Senior editor at The Jakarta Post
Even under the most optimistic projections, Indonesia’s economic growth in the next five years is unlikely to exceed 6 percent. In fact, potential growth will most probably be at 5.68 percent, according to a joint study by the Asian Development Bank and the National Development Planning Ministry.
Hence, we can simply ignore it as an empty promise if any of the presidential candidates claim they can boost growth to 7 percent or more from an average of 5 percent over the past four years.
Without a broader manufacturing base to produce high-value exports, balance of payments disparities will continue to hinder high economic growth.
The study, conducted to design comprehensive policies for the 2020-2024 period to reinvigorate manufacturing, cited continued dependence on commodities, premature deindustrialization, utterly low labor productivity and a shrinking demographic dividend as the main barriers to higher growth.
The conclusion and policy recommendations of the study for reviving the manufacturing sector are stipulated in a 310-page book entitled Policies to Support the Development of Indonesia’s Manufacturing Sector During 2020-2024, which was released by National Development Planning Minister Bambang Brodjonegoro last week.
The report essentially warned that Indonesia would never rise from a lower-middle to high income country if it failed to increase growth to at least 7 percent.
High growth can be achieved only with a stronger manufacturing base that utilizes more complex technology, which produces widely diversified high-value goods with high income elasticities of demand.
Indonesia’s manufacturing sector indeed has declined steadily after the 1998 economic crisis. The sector’s growth has always been lower than national growth and its contribution to gross domestic product consequently fell from 27 percent in 1997 to about 20 percent in 2018, according to Statistics Indonesia.
High-tech manufactured exports such as office, computer and communications equipment have declined sharply while commodities such as coal, rubber and low-tech and medium-tech products such as palm oil, tires and automotive components and cars with very low income elasticities of demand have now become the bulk of exports. No wonder, more than 65 percent of the country’s exports are commodities or commodity-related.
One of the main factors behind the decline in manufacturing was the commodity boom for almost 10 years between 2003 and 2012 that lulled the government into complacency.
Most of the other barriers to manufacturing cited by the report have by and large been diagnosed by earlier reports on Indonesia’s manufacturing sector by the World Bank and Organization for Economic Cooperation and Development research development center. But the analysis and evidence-based policy recommendations provided by the book seem to be the most comprehensive so far.
We have been too familiar with such problems as inadequate and poor infrastructure, regulatory and bureaucratic barriers, excessively high logistics costs and acutely low labor productivity. Most of these problems have been and are being addressed by the government through accelerated infrastructure development and 16 reform packages on expediting business licensing and deregulation to cut red tape.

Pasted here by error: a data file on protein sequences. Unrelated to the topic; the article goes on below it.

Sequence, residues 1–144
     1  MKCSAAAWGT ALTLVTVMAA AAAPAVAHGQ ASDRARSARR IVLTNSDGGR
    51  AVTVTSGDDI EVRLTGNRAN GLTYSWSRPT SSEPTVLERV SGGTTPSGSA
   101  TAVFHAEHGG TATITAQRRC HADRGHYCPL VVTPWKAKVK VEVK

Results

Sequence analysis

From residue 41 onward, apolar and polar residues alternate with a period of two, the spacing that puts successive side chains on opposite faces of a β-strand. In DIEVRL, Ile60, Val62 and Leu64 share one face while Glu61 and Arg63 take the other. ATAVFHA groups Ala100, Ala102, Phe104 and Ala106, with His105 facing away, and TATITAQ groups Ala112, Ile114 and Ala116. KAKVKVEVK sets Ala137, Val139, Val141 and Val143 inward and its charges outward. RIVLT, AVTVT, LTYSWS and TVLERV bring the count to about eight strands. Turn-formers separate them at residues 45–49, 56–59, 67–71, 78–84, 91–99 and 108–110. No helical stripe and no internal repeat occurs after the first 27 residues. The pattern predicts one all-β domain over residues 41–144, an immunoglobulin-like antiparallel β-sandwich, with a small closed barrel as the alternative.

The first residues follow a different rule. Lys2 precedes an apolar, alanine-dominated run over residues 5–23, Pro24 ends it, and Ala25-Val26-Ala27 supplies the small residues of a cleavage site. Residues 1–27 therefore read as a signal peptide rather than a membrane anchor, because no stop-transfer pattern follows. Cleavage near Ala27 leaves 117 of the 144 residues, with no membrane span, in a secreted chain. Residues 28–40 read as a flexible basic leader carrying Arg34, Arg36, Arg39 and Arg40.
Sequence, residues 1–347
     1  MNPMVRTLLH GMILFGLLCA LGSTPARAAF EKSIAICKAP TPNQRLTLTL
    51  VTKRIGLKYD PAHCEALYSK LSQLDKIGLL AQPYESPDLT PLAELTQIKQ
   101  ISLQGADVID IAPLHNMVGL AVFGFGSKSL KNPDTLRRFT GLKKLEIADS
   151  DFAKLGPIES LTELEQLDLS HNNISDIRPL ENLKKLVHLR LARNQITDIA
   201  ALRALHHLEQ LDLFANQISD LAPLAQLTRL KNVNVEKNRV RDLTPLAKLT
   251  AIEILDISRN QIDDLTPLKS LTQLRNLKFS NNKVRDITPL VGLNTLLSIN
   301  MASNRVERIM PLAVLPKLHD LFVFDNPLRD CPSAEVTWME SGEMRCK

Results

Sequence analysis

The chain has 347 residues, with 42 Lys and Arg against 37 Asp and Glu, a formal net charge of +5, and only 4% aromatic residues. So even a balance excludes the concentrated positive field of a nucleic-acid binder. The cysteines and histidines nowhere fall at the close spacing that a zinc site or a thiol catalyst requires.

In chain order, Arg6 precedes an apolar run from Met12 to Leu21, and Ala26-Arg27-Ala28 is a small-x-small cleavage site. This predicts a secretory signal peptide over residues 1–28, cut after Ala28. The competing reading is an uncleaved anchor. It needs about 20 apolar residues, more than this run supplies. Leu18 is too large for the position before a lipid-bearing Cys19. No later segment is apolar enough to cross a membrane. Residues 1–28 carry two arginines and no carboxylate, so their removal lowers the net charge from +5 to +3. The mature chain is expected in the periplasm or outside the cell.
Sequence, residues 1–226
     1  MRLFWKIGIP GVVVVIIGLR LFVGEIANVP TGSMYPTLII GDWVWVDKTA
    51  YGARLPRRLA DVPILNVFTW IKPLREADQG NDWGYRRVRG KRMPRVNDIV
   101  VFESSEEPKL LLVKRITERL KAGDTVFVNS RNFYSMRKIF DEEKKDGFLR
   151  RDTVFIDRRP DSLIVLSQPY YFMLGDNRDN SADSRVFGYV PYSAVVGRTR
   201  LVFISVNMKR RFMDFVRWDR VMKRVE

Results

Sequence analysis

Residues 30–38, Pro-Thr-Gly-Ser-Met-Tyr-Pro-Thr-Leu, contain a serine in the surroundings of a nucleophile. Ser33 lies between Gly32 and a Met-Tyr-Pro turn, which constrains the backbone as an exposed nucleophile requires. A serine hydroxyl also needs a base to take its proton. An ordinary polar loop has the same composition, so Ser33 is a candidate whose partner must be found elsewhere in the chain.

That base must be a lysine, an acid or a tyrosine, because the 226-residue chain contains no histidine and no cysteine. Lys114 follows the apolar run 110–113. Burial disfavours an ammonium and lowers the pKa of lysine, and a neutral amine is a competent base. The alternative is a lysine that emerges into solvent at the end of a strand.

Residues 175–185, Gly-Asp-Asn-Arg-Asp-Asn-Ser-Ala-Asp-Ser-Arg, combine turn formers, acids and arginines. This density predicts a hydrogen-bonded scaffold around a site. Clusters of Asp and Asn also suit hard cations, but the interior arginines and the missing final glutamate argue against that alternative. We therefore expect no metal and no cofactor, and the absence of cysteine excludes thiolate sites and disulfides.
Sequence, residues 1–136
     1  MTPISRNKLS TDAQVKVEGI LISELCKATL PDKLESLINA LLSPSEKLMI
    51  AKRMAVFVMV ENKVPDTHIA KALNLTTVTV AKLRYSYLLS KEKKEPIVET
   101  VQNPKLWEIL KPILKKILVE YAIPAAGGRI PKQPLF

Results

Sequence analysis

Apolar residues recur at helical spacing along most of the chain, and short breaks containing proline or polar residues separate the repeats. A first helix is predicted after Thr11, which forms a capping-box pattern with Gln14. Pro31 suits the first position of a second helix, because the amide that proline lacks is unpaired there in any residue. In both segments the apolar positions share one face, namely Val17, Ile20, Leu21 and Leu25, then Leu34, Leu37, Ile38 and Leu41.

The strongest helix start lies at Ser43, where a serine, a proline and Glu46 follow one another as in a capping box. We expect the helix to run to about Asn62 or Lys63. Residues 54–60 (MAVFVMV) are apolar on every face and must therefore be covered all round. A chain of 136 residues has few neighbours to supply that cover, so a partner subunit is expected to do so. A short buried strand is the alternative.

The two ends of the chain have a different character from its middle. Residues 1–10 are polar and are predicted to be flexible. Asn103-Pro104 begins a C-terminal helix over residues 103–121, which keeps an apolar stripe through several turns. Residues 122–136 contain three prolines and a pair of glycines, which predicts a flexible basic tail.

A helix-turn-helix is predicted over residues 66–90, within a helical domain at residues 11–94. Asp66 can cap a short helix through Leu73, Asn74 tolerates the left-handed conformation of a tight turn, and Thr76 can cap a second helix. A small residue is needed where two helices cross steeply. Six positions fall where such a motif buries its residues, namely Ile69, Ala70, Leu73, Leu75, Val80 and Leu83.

But the progress has been way below expectations because of the acute lack of finance, difficulties in getting reforms implemented in the era of regional autonomy and poor inter-ministerial coordination and low institutional capacity.
Other policy recommendations in the report that have been implemented by the government, but unfortunately at a very slow pace, are the development of industrial estates and special economic zones outside Java that focus on particular industries with a promising future.
The government is recommended to follow the business models of such successful manufacturing countries as China, Taiwan and South Korea, whereby the governments heavily intervened in selecting the kinds of industries to be developed as the champions.
During the iron-fist Soeharto administration, Indonesia had partly implemented such a strategy but it failed miserably because the selection process was neither transparent nor based on clearly defined performance criteria and favored particular vested interest groups.
The process of selecting industries to be developed as the champions should involve the private sector and focus on the country’s strengths and comparative advantages. The strongest candidates could be the few promising product segments such as fabricated metals, electrical equipment, machinery and equipment, chemicals and synthetic fibers.
One of the boldest recommendations is to attract large foreign manufacturers to make Indonesia their production base but with strong, clear cut rules requiring them to transfer technology and expertise in product design, engineering and development within a fixed period of time.
Indonesia’s rules on local content for foreign companies and joint ventures have never been as strong and consistent as China. In fact it has been the strong regulations on the transfer of technology that turned China into the world’s manufacturing powerhouse.
True, China has been able to enforce such strong transfer of technology requirements because of its strong bargaining power given its huge domestic market. With a population of over 260 million and rich in natural resources, Indonesia can follow suit though at a smaller scale.
But to bear fruit, the industrial development strategy should be supported with a consistent and long-term policy, longer than the five-year political cycle.
Disclaimer: The opinions expressed in this article are those of the author and do not reflect the official stance of The Jakarta Post.